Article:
The first specialist college to achieve an outstanding grade under Ofsted’s tough new inspection regime has been announced.
David Lewis College, in Cheshire, which supports students aged 14 to 25 with complex learning difficulties, scored grade ones across all fields after it was inspected by the education watchdog in March.
The Ofsted report said: “The curriculum is outstanding. Learners are placed on courses at a level appropriate to their needs and personalised according to their changing circumstances.
“Learners benefit from extensive access to learning within the community and work placements.”
Billy McInally, the college’s director of education, told FE Week: “We’re absolutely delighted, particularly as the report recognises the work of everybody.
“Staff have been given the best training possible and share good practice through joint observations, attending meetings dedicated to sharing practice and having an open door policy. Everybody helps each other to improve.”
He said the nature of the needs his learners presented offered a “significant level of challenge”, but added: “Teaching our young people is different but it’s certainly not harder than a mainstream FE college — it just requires a slightly different approach.
“You can’t be successful unless you put the young person at the centre of everything — we base our curriculum on the needs of the individual.”
The college, made up of 87 students; 15 teachers and around 70 support staff, caters for learners with complex epilepsy, autism and learning difficulties and had its last inspection in 2007, resulting in a grade two result.
The report at the time said: “Many learners make good progress in their communication skills.
“However, the approach to increasing the communication skills for learners with complex needs is not sufficiently developed.”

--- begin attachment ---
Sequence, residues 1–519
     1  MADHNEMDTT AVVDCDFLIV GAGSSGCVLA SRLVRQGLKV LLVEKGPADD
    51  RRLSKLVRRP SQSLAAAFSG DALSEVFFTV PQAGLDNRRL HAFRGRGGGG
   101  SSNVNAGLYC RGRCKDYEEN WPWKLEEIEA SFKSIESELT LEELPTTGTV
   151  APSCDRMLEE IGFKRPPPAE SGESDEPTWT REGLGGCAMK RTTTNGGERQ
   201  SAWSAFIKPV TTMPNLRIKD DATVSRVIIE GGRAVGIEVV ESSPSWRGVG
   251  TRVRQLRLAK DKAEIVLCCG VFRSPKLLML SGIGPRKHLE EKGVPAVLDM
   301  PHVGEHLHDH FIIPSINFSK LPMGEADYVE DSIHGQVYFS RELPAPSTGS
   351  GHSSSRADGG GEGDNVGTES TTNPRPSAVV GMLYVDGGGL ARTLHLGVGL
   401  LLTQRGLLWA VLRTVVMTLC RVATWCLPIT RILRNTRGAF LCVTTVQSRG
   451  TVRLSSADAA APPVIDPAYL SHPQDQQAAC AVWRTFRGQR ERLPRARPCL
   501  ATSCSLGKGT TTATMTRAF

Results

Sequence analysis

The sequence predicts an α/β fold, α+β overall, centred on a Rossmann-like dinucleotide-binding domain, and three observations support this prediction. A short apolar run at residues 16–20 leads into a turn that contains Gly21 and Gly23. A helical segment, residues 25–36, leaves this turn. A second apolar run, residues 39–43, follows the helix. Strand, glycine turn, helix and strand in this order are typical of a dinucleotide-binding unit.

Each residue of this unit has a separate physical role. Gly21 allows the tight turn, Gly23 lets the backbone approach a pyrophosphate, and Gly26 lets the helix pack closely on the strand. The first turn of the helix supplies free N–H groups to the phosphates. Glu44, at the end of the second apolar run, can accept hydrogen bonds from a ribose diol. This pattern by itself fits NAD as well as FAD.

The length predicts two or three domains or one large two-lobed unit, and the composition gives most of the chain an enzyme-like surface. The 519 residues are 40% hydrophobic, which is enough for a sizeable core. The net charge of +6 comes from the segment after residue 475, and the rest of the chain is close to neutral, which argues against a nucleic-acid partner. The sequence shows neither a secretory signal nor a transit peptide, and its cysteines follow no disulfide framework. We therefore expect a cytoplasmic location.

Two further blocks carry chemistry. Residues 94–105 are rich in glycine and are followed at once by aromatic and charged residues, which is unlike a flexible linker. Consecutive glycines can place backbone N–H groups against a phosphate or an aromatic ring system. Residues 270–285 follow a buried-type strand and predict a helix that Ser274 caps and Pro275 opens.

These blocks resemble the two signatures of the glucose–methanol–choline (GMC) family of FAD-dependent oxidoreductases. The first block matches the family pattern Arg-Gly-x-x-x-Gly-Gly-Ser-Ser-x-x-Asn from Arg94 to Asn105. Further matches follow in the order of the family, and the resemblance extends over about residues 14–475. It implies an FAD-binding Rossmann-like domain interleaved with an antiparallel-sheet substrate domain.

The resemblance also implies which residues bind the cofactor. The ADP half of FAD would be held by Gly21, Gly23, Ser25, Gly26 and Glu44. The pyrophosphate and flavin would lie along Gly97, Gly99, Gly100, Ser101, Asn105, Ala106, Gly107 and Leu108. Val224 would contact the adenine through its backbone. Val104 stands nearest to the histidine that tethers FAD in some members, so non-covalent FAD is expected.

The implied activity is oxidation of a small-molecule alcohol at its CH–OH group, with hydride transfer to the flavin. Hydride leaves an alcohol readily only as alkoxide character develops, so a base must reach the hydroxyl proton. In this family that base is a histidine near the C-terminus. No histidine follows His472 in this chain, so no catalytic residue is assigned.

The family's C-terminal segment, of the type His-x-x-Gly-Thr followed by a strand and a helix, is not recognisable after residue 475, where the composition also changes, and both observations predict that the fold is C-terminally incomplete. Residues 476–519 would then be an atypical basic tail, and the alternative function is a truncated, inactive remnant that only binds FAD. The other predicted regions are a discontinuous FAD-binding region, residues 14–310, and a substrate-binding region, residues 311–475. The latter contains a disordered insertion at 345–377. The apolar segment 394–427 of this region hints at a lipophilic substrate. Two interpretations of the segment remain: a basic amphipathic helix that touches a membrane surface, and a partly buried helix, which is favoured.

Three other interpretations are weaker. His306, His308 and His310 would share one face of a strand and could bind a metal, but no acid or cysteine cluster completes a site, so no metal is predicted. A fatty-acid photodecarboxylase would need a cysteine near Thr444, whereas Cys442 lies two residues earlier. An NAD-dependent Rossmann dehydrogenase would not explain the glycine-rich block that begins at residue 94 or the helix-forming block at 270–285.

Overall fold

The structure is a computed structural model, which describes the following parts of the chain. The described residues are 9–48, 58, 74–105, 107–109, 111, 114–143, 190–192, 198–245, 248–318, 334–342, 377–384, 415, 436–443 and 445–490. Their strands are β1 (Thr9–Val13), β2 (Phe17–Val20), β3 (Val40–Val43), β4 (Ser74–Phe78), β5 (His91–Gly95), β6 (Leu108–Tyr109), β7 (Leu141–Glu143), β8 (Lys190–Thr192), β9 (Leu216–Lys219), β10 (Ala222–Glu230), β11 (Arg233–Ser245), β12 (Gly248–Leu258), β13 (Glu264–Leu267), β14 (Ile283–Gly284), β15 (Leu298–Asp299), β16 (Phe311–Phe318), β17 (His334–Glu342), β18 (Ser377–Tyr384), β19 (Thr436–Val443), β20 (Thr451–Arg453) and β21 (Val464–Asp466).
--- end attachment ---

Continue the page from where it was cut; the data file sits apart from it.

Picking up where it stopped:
It added: “The tracking and monitoring of learner progress is adequate, although the college recognises it requires further development.”
However, the achievement of the grade one result came under Ofsted’s new inspection framework, introduced from September. The framework includes a reduced inspection notice period from three weeks to two days and a potential re-inspection of providers ‘requiring improvement’ within 12 to 18 months.
You can’t be successful unless you put the young person at the centre of everything”
But the college’s glowing new Ofsted report highlighted the skills, enthusiasm and high quality practice of teachers, therapists and of specialist support staff.
“Staff work very well together to provide a high quality experience for the learners. Middle management is strong and provides excellent leadership for course teams,” said the report.
“Leadership and management are outstanding because of the relentless and successful drive for continuous improvement since the last inspection.”
Mr McInally said: “A process was put in place after our last inspection and we have been working towards improving our work for a number of years.
“This is recognition of that five years’ hard work and I am particularly pleased that Ofsted recognised the positive contribution of our entire college community.
“I would like to thank them all for the contributions they make, ensuring our students receive an outstanding learning experience, one that meets their individual needs.”
He added: “There is no doubt that by working together we can guarantee that the provision we offer our young people continues to be among the very best in the entire country.”